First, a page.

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The Supreme Court on Wednesday allowed a lawyer representing ousted prime minister Nawaz Sharif a week's time to prepare his arguments for a case concerning the interpretation of Article 62(1)(f) of the Constitution — the same article under which Sharif was disqualified last year.

The case ─ focused on ascertaining the period of disqualification of a member of parliament under the constitutional article ─ is being heard by a five-member bench of the apex court headed by Chief Justice Saqib Nisar and comprising Justice Sheikh Azmat Saeed, Justice Umar Ata Bandial, Justice Ijaz-ul-Ahsan and Justice Sajjad Ali Shah.

Advocate Azam Tarar, the lawyer representing Sharif, told the bench during Wednesday's hearing that he was asked to appear in court only yesterday evening. He asked for three days to prepare his arguments.

Accepting his request, the court gave the lawyer until next week.

Appearing before the court, human rights lawyer and activist Asma Jahangir said, "There are some people who are affected by article 62(1)(f); ordinary people who want to be part of this case as well." In response, the chief justice told her, "They can jointly appoint a lawyer to represent them."

During the hearing, the chief justice wondered whether a person disqualified by the court can contest by-polls, given that the elections are held within three months of the disqualification.

"Disqualification lasts for five years," Tariq Mahmood, the counsel representing Samina Khawar Hayat, who was disqualified in a fake degree case in 2013, told the bench. Mahmood also recalled that the court had disqualified Pervez Musharraf for life in 2013.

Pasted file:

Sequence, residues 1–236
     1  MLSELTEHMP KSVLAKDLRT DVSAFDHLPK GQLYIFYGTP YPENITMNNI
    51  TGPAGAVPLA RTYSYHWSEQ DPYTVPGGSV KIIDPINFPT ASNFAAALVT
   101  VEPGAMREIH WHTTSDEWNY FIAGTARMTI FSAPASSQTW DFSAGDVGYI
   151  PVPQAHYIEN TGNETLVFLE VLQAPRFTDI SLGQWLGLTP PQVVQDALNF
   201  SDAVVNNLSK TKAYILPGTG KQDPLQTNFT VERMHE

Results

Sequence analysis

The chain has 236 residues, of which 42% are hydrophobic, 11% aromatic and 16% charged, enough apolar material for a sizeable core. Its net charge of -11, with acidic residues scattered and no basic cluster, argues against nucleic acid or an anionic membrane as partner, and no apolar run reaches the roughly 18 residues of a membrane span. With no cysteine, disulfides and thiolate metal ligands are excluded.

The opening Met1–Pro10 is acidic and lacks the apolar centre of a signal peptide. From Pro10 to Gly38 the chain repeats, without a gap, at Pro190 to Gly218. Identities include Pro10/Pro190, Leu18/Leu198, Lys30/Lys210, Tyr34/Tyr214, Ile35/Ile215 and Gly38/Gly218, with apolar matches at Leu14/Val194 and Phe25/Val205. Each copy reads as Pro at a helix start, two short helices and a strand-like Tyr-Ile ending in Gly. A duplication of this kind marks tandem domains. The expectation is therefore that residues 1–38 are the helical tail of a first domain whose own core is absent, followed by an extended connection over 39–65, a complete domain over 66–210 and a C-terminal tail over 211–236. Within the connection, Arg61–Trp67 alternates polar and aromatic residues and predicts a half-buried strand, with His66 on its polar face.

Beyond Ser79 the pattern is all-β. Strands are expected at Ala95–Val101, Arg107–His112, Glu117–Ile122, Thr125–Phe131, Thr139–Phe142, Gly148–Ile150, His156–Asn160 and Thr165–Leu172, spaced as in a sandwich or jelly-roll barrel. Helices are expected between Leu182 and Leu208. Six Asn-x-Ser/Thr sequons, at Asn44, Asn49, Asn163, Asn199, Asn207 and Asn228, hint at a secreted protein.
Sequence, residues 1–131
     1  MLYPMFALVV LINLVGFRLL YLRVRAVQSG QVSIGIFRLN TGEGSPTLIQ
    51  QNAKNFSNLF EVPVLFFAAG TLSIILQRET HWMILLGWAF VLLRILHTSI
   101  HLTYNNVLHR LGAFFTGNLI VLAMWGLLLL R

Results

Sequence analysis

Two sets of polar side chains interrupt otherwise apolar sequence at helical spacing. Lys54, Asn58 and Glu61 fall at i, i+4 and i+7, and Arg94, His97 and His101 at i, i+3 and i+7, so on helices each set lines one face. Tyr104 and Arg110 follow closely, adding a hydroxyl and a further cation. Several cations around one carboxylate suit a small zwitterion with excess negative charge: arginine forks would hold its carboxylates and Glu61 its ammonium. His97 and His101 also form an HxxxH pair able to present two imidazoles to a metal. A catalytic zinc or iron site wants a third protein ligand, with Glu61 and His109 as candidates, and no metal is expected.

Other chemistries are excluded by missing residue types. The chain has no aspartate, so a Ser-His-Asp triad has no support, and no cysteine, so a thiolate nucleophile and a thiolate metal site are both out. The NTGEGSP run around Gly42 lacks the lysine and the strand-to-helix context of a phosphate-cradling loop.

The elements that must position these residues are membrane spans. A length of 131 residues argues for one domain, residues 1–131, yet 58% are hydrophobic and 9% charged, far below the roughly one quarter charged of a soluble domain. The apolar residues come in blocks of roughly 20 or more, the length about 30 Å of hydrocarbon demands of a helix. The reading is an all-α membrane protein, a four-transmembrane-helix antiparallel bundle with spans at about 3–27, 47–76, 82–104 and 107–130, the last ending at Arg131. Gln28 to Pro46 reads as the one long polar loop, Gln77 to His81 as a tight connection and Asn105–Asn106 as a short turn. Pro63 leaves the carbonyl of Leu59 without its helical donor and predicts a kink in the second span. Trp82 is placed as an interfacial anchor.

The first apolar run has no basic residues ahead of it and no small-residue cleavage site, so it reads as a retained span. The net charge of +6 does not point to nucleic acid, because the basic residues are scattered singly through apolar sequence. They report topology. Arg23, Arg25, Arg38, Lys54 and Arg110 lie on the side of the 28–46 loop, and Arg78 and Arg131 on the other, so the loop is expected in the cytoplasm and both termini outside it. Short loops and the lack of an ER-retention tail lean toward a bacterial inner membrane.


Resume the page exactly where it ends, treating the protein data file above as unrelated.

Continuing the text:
'Lifelong disqualification is a violation of human rights'

Munir Malik, serving as amicus curiae (friend of the court), began his arguments, stating that Articles 62 and 63 of the Constitution should be read in a manner that foundational rights are not affected.

"The Constitution is based on fundamental rights," he said, adding that lifelong disqualification is a violation of basic human rights.

The clauses under Article 63 are distributed into two parts ─ the first part relating to continued mistakes and the second to past mistakes in conduct, Malik explained.

He noted that after the 18th Amendment, changes were made to the clauses under Article 63.

"Before the 18th amendment, past mistakes in conduct would result in disqualification for life," he said.

Malik said that there are no differences between Article 62 and Article 63; adding that in the latter, under the 18 Amendment, the period of disqualification was changed to last five years.

"When the court disqualifies a person under Article 62, it is a declaration by the court, not a sentence," Justice Sheikh Azmat observed. "What will the effect of Article 62(1)(f) be in such a case?"

"No trial can be conducted on writ of quo warranto," Malik told the judge. "We will have to see for how long curbs to contest elections apply on disqualified individuals."

Appeals against disqualification

Taking up 17 appeals against the disqualification of lawmakers, the SC had issued notices to Nawaz and former Pakistan Tehreek-i-Insaf (PTI) secretary general Jahangir Tareen to appear in person or through their counsel during the hearing of appeals involving the interpretation of Article 62(1)(f) — the provision under which both had been disqualified.

While Tareen was present in court for the hearing on Tuesday, the PML-N head was not, as he had appeared in an accountability court hearing references against him.

During yesterday's hearing, the court had contemplated the article's interpretation and implementation, and wondered whether sadiq (truthful) and ameen (righteous) should be considered as one trait or two separate ones.

The SC on Tuesday had also made a public announcement inviting lawmakers disqualified under Article 62(1)(f) to become a party to the case by appearing in court for the hearings.

Political and legal experts believe that the outcome of the case will have a great impact on the country’s future politics as it will decide the political future and fate of a number of politicians, including Sharif and Tareen.

Article 62(1)(f) says: "A person shall not be qualified to be elected or chosen as a member of Majlis-e-Shoora (Parliament) unless [...] he is sagacious, righteous and non-profligate, honest and ameen, there being no declaration to the contrary by a court of law."

The article, however, does not specify any period after which a person, who is declared disqualified under Article 62, can be eligible to contest elections of the parliament.